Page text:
- The magnetic field of our Sun behaves quite differently than presently believed.
- The sound waves originating from the Sun’s internal acoustic oscillations affect the magnetic waves at its surface.
- These waves make the entire corona vibrate in a collective manner at a specific frequency range.
Most stars possess complex magnetic fields that play a crucial role in energizing and structuring their atmosphere. However, scientists haven’t been able to completely decode the nature of these fields.
In the 1970s, astronomers observed a phenomenon called alfvénic fluctuations and since then it has been recorded regularly in the solar wind. These alfvénic waves are responsible for transferring energy along magnetic fields, heating plasma and accelerating stellar winds.
Recently, researchers at Northumbria University, Newcastle reported that magnetic waves of our Sun behave differently than presently believed. They examined data collected over the last decade and discovered that magnetic waves in the Sun’s corona — an aura of plasma that surrounds the star — are affected by the sounds waves coming from the Sun’s interior.
A Unique Marker On The Sun’s Magnetic Waves
Alfvénic waves were previously estimated to arise at the surface of the Sun, where temperatures reach approximately 6,000 kelvins and magnetic fields get churned by boiling hydrogen.
The team discovered that magnetic waves react with sound waves higher in the Sun’s atmosphere. These sound waves affect magnetic waves in a unique way: they make the entire corona of the Sun shake in a collective manner. The corona vibrates over a specific frequency range.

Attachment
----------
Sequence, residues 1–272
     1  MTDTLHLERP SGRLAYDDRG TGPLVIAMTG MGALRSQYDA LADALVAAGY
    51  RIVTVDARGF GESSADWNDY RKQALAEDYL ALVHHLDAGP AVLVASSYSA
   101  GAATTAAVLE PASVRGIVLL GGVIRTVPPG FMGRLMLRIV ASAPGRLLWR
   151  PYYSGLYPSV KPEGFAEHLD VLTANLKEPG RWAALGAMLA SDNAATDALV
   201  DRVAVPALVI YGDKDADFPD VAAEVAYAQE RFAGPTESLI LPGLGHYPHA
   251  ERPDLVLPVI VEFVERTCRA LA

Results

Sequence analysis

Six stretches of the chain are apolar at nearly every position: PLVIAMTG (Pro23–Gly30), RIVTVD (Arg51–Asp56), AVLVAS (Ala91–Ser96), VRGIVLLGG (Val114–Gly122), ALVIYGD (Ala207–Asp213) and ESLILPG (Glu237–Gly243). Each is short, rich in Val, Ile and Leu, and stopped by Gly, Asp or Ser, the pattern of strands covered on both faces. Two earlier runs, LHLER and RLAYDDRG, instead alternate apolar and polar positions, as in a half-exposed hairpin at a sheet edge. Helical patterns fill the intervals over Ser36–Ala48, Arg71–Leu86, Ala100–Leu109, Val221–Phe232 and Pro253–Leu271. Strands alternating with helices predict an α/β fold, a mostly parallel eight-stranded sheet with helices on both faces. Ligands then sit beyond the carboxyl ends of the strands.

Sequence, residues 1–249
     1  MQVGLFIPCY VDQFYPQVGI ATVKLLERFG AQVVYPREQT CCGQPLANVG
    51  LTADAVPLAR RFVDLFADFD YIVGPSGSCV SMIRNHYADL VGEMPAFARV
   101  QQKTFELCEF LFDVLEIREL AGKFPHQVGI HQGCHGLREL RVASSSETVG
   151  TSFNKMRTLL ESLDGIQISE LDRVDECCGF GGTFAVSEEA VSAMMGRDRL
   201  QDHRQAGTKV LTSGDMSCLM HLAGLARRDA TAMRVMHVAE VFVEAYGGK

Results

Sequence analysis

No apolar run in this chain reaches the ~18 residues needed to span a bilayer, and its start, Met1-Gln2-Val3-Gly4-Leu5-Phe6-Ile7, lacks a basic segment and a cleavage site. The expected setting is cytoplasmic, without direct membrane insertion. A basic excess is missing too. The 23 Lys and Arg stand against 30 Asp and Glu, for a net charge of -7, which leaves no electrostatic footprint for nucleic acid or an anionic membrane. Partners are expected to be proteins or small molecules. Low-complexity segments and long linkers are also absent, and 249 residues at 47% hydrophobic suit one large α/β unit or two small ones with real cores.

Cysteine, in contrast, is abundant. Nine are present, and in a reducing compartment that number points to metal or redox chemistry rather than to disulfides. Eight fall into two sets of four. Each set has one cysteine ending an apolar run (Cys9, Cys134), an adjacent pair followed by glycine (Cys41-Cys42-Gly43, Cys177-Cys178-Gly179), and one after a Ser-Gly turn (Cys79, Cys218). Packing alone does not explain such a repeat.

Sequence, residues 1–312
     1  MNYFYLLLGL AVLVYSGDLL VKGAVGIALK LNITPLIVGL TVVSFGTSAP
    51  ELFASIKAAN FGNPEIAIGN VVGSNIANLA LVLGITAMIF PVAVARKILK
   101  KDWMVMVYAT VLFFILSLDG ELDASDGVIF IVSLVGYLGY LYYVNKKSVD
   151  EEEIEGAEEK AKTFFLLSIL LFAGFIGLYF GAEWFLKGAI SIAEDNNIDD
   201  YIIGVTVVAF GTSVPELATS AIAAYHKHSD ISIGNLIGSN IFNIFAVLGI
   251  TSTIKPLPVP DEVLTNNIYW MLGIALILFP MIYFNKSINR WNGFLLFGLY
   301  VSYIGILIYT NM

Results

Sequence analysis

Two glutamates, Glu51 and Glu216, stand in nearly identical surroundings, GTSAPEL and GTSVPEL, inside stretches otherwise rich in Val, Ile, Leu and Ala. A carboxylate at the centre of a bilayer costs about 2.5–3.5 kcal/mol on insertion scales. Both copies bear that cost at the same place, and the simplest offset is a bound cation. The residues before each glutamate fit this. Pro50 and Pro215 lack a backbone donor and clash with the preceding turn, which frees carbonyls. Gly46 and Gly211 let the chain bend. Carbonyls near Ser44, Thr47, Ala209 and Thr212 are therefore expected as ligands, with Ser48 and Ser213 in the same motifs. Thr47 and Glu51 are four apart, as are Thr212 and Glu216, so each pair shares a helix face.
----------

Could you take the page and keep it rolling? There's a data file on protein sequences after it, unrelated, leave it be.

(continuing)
Researchers found this effect consistently over the 10-year data. This could potentially be a new fundamental constant of our Sun, as well as of other stars.
The energy originating from alfvénic waves heats up the Sun’s corona to over one million kelvins, much hotter than the Sun’s surface. They also heat and accelerate strong solar winds that travel millions of miles into outer space, affecting the atmosphere and magnetic fields of planets and stars.
Sun’s Corona | Image Credit: NASA
As per previous studies, the boiling hydrogens on the Sun’s surface play a major role in exciting magnetic waves. The new study has made it clear that we have been interpreting it all wrong. It is the Sun’s internal acoustic oscillations that excite magnetic waves.
This might lead to new techniques of analyzing and classifying the behavior of stars under this distinctive marker, and help us better understand how magnetic energy is transmitted in stellar atmospheres.